Many system and software developers and testers, especially those who have primarily worked in business information systems, assume that systems--even buggy systems--behave in a deterministic manner. In other words, they assume that a system or software application will always behave in exactly the same way when given identical inputs under identical conditions. This assumption, however, is not always true. While this assumption is most often false when dealing with cyber-physical systems, new and even older technologies have brought various sources of non-determinism, and this has significant ramifications on testing. This blog post, the first in a series, explores the challenges of testing in a non-deterministic world.
This blog post is coauthored by Dionisio de Niz.
Software with timers and clocks (STACs) exchange clock values to set timers and perform computation. STACs are key elements of safety-critical systems that make up the infrastructure of our daily lives. They are particularly used to control systems that interact (and must be synchronized) with the physical world. Examples include avionics systems, medical devices, cars, cell phones, and other devices that rely on software not only to produce the right output, but also to produce it at the correct time. An airbag, for example, must deploy as intended, but just as importantly, it must deploy at the right time. Thus, when STACs fail to operate as intended in the safety-critical systems that rely on them, the result can be significant harm or loss of life. Within the Department of Defense (DoD), STACs are used widely, ranging from real-time thread schedulers to controllers for missiles, fighter planes, and aircraft carriers. This blog post presents exploratory research to formally verify safety properties of sequential and concurrent STACs at the source-code level.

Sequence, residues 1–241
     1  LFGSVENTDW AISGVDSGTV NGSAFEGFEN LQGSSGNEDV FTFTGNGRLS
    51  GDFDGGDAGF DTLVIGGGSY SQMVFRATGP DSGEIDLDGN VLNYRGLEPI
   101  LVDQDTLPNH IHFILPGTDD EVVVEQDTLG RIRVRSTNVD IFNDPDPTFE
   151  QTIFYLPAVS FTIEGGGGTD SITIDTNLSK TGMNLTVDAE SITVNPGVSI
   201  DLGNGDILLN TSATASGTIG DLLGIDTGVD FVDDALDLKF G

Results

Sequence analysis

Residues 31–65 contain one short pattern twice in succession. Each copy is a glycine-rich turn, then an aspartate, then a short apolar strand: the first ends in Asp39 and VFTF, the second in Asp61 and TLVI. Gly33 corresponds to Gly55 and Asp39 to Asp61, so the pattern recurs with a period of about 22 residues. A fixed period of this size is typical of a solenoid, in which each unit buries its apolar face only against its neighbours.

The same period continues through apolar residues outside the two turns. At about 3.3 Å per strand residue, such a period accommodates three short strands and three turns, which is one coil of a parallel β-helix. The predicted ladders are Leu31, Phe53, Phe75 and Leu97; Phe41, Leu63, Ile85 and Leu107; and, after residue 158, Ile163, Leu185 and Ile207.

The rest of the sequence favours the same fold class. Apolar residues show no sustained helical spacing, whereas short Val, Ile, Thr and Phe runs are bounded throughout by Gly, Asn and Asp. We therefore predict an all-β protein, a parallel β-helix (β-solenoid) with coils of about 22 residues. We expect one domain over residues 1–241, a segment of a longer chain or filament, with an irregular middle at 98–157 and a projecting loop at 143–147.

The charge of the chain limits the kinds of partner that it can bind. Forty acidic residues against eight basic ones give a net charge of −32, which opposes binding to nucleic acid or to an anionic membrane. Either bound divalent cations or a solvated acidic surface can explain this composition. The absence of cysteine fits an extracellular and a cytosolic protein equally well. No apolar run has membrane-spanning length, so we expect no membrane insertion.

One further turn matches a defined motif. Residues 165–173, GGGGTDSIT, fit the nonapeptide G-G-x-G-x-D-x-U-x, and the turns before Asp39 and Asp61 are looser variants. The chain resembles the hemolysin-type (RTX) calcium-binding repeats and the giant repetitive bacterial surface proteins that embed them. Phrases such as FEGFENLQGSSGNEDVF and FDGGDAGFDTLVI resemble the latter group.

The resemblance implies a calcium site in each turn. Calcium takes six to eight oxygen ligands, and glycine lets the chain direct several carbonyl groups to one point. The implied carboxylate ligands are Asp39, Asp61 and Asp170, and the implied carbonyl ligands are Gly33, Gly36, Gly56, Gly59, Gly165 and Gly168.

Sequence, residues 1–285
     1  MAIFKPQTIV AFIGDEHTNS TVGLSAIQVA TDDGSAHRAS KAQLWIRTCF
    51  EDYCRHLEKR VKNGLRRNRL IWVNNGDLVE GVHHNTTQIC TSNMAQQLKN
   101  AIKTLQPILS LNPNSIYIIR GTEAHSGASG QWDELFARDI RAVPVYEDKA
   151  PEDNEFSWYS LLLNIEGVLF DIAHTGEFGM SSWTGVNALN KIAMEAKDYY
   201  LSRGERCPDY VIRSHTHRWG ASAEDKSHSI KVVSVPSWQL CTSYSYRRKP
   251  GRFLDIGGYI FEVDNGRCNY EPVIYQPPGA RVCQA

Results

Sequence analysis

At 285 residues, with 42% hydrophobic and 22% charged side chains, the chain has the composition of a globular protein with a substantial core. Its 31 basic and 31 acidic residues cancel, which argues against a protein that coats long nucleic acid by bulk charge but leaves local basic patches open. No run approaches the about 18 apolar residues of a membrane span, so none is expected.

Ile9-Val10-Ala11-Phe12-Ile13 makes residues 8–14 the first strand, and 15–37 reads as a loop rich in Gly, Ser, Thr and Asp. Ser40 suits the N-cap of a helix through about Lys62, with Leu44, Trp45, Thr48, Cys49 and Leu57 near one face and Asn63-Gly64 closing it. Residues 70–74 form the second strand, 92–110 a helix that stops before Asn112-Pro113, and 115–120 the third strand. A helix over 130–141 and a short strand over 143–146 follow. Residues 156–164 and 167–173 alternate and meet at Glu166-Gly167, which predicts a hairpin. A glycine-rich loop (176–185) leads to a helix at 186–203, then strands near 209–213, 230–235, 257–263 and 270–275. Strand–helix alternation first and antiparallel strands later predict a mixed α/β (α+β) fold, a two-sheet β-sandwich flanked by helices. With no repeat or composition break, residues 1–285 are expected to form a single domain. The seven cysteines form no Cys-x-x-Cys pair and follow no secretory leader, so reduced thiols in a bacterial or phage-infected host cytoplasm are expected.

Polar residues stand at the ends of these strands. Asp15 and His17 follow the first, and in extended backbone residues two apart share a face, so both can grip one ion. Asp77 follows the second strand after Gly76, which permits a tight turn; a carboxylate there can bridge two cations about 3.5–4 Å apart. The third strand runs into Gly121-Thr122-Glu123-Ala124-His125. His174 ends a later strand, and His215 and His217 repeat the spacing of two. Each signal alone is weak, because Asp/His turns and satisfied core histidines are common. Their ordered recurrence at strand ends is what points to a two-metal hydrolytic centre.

The growth and change in the field of robotics in the last 15 years is tremendous, due in large part to improvements in sensors and computational power. These sensors give robots an awareness of their environment, including various conditions such as light, touch, navigation, location, distance, proximity, sound, temperature, and humidity. The increasing ability of robots to sense their environments makes them an invaluable resource in a growing number of situations, from underwater explorations to hospital and airport assistants to space walks. One challenge, however, is that uncertainty persists among users about what the robot senses; what it predicts about its state and the states of other objects and people in the environment; and what it believes its outcomes will be from the actions it takes. In this blog post, I describe research that aims to help robots explain their behaviors in plain English and offer greater insights into their decision making.